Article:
Thursday, July 14, 2005

Security Theater Review

by Tom Bozzo

Before last week's visit, it had been quite a while since I'd last been to D.C. in person (damned e-mail and teleconferences), so somewhere along the way I missed or forgot about a change to the security drill for passengers to the airport I'll only refer to as plain old National Airport — or DCA, to those in the know.

When service resumed there, boarding a plane to DCA involved Vegas-grade security theater — dedicated gates with conspicuously armed police and a good chance of getting frisked twice in a one-way airline trip. That is no more.

Now comes the announcement that the other unique feature of flying to DCA, the house arrest for the half-hour of the flight closest to the airport's infamously short runways, will soon be eliminated, too. I'd have said that the move represents, more than anything, ratification of a "rule of reason" that seemed to be prevailing, at least on my DCA flights. But the Post article does note that at least 100 flights actually were diverted to Dulles over the rule's lifetime, but quotes a frequent flyer to illustrate "haphazard" application of the rule.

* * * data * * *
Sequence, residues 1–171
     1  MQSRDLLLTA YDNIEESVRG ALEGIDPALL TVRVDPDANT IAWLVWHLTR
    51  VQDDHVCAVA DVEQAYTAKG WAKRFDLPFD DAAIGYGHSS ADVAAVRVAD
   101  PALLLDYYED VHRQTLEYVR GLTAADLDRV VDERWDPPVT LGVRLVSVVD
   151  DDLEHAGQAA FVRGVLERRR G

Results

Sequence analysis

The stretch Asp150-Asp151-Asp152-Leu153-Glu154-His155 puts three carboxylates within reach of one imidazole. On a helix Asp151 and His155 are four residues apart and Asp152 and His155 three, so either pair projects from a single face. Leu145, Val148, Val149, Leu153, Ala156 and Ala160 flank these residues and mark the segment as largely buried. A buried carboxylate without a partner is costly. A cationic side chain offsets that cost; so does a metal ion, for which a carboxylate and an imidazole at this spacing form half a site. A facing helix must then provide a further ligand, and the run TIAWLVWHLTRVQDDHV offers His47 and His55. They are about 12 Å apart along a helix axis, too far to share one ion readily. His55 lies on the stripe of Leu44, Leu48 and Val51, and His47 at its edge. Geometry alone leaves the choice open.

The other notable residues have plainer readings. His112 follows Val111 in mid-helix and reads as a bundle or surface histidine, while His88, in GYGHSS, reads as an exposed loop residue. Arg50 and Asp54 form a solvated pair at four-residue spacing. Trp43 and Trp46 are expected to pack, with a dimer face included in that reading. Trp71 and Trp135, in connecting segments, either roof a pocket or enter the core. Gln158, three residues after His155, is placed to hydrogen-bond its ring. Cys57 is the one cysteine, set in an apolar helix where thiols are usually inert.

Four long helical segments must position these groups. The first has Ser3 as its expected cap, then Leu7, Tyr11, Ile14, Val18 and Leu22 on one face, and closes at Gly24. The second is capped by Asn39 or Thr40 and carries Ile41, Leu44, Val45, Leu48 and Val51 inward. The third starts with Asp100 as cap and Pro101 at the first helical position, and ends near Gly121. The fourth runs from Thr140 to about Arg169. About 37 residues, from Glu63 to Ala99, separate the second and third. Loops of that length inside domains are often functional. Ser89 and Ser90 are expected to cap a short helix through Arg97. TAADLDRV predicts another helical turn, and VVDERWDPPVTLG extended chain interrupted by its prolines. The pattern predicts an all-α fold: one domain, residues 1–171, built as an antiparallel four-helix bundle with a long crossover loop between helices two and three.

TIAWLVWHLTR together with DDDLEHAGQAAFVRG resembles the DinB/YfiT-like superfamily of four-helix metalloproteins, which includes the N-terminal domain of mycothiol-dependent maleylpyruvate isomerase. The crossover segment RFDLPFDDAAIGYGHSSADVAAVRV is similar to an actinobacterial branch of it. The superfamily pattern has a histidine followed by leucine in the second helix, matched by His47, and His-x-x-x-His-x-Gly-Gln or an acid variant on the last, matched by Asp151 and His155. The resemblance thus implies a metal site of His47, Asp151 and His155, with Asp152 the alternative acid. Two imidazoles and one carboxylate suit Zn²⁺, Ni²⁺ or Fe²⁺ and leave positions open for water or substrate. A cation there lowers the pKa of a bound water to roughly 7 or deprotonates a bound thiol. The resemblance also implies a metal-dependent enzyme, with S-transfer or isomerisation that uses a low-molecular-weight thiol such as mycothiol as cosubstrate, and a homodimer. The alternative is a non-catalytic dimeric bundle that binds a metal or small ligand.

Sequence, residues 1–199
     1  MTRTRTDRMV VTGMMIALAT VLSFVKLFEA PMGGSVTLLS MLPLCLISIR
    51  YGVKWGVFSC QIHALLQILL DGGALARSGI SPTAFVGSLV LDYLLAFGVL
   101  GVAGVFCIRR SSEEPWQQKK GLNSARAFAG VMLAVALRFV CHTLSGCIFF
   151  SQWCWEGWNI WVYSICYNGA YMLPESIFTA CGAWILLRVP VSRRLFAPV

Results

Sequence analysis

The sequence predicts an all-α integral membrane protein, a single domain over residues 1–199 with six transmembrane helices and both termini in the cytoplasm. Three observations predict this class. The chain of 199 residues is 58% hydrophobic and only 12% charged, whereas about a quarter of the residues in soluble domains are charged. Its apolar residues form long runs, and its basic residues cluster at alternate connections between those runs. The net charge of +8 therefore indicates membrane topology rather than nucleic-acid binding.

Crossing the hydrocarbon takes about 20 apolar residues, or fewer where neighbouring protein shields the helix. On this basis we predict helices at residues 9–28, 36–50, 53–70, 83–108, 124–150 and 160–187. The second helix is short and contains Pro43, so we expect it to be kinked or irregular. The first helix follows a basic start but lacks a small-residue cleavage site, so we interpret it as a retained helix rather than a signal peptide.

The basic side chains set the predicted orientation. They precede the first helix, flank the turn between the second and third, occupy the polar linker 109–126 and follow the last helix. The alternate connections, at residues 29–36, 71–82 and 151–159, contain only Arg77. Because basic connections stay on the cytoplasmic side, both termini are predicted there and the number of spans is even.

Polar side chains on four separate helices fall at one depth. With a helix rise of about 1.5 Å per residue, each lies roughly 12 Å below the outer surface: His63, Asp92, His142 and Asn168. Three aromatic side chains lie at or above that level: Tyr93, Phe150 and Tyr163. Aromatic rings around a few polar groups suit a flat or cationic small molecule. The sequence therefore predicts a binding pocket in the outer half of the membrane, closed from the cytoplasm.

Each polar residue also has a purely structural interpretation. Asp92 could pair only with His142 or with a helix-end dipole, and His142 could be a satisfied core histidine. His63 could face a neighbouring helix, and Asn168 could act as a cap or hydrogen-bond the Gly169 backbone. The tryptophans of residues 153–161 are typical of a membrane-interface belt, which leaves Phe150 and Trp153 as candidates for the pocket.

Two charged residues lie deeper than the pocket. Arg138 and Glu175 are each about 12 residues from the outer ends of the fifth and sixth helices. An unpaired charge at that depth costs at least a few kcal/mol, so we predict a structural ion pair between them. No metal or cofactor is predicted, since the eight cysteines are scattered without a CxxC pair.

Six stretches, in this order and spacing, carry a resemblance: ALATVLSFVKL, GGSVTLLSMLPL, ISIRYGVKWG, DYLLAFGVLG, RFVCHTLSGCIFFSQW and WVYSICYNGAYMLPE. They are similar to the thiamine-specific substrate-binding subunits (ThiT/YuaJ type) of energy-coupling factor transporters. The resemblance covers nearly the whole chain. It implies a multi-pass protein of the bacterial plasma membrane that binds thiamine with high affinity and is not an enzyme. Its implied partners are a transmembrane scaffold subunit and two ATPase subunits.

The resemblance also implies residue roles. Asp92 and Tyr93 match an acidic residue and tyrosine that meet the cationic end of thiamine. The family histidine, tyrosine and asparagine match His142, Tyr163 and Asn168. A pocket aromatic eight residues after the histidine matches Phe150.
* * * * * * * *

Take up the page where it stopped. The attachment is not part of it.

Indeed. What I'd seen in the early days was that a dense or distracted passenger who took the half-hour announcement as the last call for the bathroom would blow a sky marshal's cover before the passenger was in the aisle, without calling for even more disproportionate official responses. (I'm curious as to who is supposed to make the call.) On my most recent arrival, the belated rise of an elderly woman a row ahead of me for a bathroom trip — to the First-Class lav, which economy passengers are not supposed to use for security reasons, at that — resulted in nothing more than a flight attendant helping her with the lavatory door.

Anyway, good riddance!
What a joke! A city that votes over 90% Democrat is forced to have an airport named after him. Damn Newspeak.
Some congressional Republicans were just on a kick of naming everything in sight for the Gipper; you could almost have made an Onion story out of it.

An amusing detail is that many of the (unionized) airline employees I encountered in my former business travels resisted the name change for quite a while.
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